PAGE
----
I would like to thank Michael Hogan for his Open Mic ("Slow Down, You're Here," Dec. 5). This was a kind and gentle way of saying what I have wanted to write for a while now. The roads in Sebastopol have become unsafe, and it is frightening how many near-misses I see everyday. Just last week a child did get hit on a bike in a crosswalk. Cars and trucks are heavy machinery, and we need to respect that and care about others' safety and pace of life.
I also live on a residential road that has become a thoroughfare for commuters and wine tasters. The residents on Olivet Road fear for their lives when getting their mail or trying to turn in and out of their driveway. The speed limit is not something to attain and then conquer; it is for our safety. We are all one family, and we are all trying to survive. Do we have to endanger others while we are doing it? If you moved to the North Bay to slow down, then do it. Please.
I attend the Santa Rosa Certified Farmers market, and because of the diversity of products produced here in Sonoma County, I am able to get a variety of different fresh fruits, vegetables and meats. I thought going to the farmers market once a week and doing my shopping was a way of supporting local producers. Then I had a conversation with a gentleman who handles the marketing for a local organic supermarket, and he informed me that not all farmers markets are local farmers, and that many of the producers are actually from hundreds of miles away. He explained to me that one of the missions of his store was to make sure that, if possible, they purchase food produced within 50 miles of their stores.
After hearing this information I was really confused about what I considered to be my small part in saving the planet. I began doing research, trying to figure out if my strong belief system surrounding farmers markets was now a wash. I found information about the Farmers Market Program; the USDA's Agricultural Marketing Service created this program to promote the economic success of America's small farm operators. Small farm operations are those with less than $250,000 in annual receipts, and which work and manage their own operations. An amazing 94 percent of all farms in America meet that definition, and the mission is to make sure that American "family farm" survives. Farmers markets were put in place to support small farmers and allow them to connect directly with their consumers.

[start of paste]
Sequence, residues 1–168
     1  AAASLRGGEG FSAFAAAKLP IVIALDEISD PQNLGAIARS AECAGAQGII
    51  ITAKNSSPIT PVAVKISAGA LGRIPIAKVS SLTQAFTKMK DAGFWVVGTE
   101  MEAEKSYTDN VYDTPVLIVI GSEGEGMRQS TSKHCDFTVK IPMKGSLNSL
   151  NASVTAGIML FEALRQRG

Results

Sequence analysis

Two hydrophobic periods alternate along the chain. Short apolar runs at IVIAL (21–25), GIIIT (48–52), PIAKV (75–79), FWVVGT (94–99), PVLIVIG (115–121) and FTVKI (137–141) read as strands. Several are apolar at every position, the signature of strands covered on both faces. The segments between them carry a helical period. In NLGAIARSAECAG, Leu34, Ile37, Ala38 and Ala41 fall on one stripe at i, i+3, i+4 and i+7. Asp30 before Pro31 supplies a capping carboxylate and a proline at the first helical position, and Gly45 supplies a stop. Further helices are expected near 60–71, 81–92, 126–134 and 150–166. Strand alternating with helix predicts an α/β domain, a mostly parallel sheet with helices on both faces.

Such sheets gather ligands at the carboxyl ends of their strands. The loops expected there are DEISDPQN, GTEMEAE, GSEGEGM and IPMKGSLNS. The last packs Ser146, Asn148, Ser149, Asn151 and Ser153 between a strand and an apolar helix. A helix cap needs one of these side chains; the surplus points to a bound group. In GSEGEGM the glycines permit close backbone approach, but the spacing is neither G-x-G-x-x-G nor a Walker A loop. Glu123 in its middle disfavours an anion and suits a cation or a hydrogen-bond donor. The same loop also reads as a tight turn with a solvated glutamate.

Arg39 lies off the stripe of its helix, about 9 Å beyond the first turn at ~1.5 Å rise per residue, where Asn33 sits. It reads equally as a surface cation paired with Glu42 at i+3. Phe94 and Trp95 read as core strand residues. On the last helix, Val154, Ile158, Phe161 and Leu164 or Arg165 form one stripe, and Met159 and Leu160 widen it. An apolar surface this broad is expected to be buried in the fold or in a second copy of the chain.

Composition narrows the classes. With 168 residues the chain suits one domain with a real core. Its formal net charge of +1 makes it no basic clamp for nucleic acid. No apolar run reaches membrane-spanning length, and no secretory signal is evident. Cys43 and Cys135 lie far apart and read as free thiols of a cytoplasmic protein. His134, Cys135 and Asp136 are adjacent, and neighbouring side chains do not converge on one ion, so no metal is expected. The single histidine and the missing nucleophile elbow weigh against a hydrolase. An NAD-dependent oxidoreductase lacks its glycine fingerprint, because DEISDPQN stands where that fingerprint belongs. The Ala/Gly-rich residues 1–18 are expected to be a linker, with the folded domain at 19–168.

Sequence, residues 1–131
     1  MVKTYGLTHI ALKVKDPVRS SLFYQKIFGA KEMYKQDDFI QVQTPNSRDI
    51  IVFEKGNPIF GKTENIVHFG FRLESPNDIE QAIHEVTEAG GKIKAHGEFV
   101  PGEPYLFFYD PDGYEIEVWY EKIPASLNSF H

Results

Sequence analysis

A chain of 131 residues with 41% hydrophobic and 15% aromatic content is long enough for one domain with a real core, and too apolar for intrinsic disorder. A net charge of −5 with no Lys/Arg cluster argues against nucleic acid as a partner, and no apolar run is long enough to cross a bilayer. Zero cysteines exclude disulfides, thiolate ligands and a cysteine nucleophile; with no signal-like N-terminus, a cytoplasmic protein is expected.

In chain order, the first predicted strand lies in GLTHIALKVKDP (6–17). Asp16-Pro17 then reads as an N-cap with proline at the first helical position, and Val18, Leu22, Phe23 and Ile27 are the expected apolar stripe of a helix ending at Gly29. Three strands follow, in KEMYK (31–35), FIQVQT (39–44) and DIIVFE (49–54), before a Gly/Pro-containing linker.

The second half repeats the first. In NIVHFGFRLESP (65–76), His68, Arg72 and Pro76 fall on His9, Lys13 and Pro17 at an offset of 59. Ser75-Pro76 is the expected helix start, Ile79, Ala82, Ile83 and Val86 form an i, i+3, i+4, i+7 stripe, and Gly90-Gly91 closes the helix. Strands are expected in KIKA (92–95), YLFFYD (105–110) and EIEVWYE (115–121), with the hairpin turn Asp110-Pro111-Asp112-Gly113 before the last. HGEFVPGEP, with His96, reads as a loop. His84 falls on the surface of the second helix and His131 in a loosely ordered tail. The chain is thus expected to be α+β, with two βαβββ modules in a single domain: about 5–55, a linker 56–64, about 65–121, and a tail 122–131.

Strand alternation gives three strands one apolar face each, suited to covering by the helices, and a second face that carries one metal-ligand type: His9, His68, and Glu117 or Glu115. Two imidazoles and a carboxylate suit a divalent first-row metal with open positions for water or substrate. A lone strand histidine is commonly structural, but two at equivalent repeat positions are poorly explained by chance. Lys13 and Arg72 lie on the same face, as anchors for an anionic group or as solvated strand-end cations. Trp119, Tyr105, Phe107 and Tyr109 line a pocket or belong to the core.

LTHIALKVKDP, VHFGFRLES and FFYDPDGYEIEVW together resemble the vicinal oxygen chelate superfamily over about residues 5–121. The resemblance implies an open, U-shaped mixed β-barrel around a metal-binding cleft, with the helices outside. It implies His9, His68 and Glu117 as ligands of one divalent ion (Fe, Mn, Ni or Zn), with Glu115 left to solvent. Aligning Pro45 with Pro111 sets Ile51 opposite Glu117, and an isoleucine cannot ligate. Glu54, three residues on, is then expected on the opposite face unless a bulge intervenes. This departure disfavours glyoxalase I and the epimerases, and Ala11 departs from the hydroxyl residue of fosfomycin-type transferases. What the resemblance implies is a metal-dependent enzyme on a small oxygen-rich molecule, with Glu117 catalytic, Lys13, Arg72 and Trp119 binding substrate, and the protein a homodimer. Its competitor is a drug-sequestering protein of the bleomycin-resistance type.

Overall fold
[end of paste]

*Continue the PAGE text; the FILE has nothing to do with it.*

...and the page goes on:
So my conclusion is farmers markets are still something to believe in. They support small producers and allow us to get fresh, mostly local foods.
I am writing to urge people to take advantage of the recent rainfall to find out how they can help with the serious problem of storm runoff. Our roads, driveways, buildings and other cleared areas create situations where water cannot infiltrate the ground, and it rushes to the nearest creek, carrying with it sediment and other contaminants.
Currently, a great undertaking is being made to bring the steelhead trout, Chinook and coho salmon back to sustainable numbers. However, our land-use decisions and the overall effects of urbanization continue to undermine the ability of these species to successfully reproduce. Please visit the website of the Russian River Watershed Association to find information on how homeowners can implement storm-water and erosion control on a local level. In addition, the local resource conservation districts can do the same for farms and business.
The Grange is indeed growing, here in Sebastopol and throughout California, as the article ("Estranged Grange," Nov. 28) by Rachel Dovey indicates. I joined in 2010, and find it to be a rewarding and fun group. We meet at the Grange Hall on Highway 12 on the last Tuesday of each month, starting with a potluck—great food—followed by a meeting. We are open to all. The Grange, which I used to attend at our family farm in Iowa in the middle of the 20th century, is a very family-friendly organization. People of all ages are welcome. Check it out.
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